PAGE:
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Calabash Fried Shrimp Recipe

| September 27, 2020 | 0 Comments

Calabash Style Fried Shrimp

Follow our easy, step-by-step, photo illustrated instructions to learn how to fry golden brown shrimp at home. Printable recipe included.

 

Calabash Fried Shrimp, enjoy.
Lightly battered and lightly fried. That’s the Calabash way of frying seafood. I’ll show you how we fried them at my brothers “Captain Gordon’s Seafood Restaurant” some years back. It’s really simple and easy, and they taste awesome.

 

Calabash Fried Shrimp, slider.

Lightly battered, lightly fried. Here in North Carolina, it’s a style of frying seafood that we refer to as Calabash style. It’s totally awesome if you ask me.

Down along the East coast, very close to the North Carolina and South Carolina state line, there is a small little town called Calabash. You’ll find several seafood restaurants in Calabash, all serving this very delicious lightly battered and lightly fried seafood. I’ve had the pleasure to eat at several of them.

When my older brother opened his “Captain Gordon’s Seafood Restaurant” in our little town back in the 80’s, Calabash was the style of seafood that we served. I managed the kitchen for him during the first year or two that it was open. I’ll say it yet again, that was some of the hottest and hardest work I’ve ever done. Smile.

You’ll find the recipe very simple. And, I do hope you will give our recipe a try. Let me know how you like it when you do. I love to read your comments and memories in the section at the end of our recipe.

At the restaurant, we would serve about 500 people every Friday night. That was a lot of seafood and fish back in those days because we served a large portion of both on the plates that went out to our customers.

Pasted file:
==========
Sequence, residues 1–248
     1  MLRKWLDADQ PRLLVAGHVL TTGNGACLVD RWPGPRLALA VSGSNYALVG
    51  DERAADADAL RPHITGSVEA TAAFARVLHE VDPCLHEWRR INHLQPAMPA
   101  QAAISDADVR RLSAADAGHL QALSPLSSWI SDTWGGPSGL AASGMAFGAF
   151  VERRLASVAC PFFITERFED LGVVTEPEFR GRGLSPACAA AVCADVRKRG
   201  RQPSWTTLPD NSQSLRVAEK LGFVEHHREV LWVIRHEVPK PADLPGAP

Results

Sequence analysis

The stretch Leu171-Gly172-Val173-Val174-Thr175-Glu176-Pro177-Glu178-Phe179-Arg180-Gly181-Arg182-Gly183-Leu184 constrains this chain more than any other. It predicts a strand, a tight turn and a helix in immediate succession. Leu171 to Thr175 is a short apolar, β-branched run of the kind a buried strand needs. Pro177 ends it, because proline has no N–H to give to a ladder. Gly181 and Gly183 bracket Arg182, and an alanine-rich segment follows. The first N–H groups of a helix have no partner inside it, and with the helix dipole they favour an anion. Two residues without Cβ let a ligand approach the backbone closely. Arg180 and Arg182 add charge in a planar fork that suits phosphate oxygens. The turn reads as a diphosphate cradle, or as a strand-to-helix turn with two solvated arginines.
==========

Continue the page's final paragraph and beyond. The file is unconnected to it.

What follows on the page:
Calabash shrimp is usually a “popcorn” shrimp. We served a 130/150 size shrimp. That’s about 130 to 150 shrimp per pound. You’ll eat them several at a time, like popcorn. Thus the name.

Be sure to check out our other Calabash style seafood recipes here on Taste of Southern. I’m doing a series of these based on my days at my brothers restaurant. You’ll find the links below the recipe.

Ready to give our recipe a try? Alright then, let’s head on out to the kitchen, and… Let’s Get Cooking!

 

Calabash Fried Shrimp, ingredients.
Calabash Fried Shrimp – You’ll need these ingredients.

We always used what was known as “popcorn” shrimp. They were very small in size and fried up quickly. I’m using a 61/70 count shrimp here. It was the smallest I could get at my local grocery store, but what we sold were even smaller than these. You’d eat several of them at one time, kind of like eating popcorn. Smile.

 

Calabash Fried Shrimp, thaw the shrimp.
If you’re using frozen shrimp, you’ll need to thaw it first. Just place the shrimp in some cold water. It will thaw out in just a few minutes.

We bought shrimp by the 50 pound box back in the restaurant days. It came in 10 pound blocks with 5 blocks per case. We’d fill up a sink with water and add a case of shrimp at a time to the water. The water would get so cold from the frozen shrimp that it would make your hands hurt just trying to open the packages and rinse the shrimp.

 

Calabash Fried Shrimp, drain the shrimp.
Drain the water off of the shrimp once they are thawed and you’re ready to start frying them.

 

Calabash Fried Shrimp, add milk.
Pour enough milk over the shrimp to coat them well. Probably will not need much more than 1/4th cup. And, you need to use the EVAPORATED MILK. It’s a bit thicker and will hold to the shrimp better. Toss the shrimp around in the milk until they are fully coated.

 

Calabash Fried Shrimp, add flour.
Place about a cup of flour in a deep bowl or container.

We used large “bus pans” at the restaurant. We had one large pan for flour and another large pan for shrimp. Even now, using this small container seems kind of funny to me.

 

Calabash Fried Shrimp, add salt.
Add 1/2 teaspoon of salt to the flour.

Start off easy on the salt. You can test fry a few shrimp to see if you prefer to add more later.

 

Calabash Fried Shrimp, mix well.
Stir the flour and salt together.

 

Calabash Fried Shrimp, add shrimp.
Remove some shrimp from the milk and place them in the flour.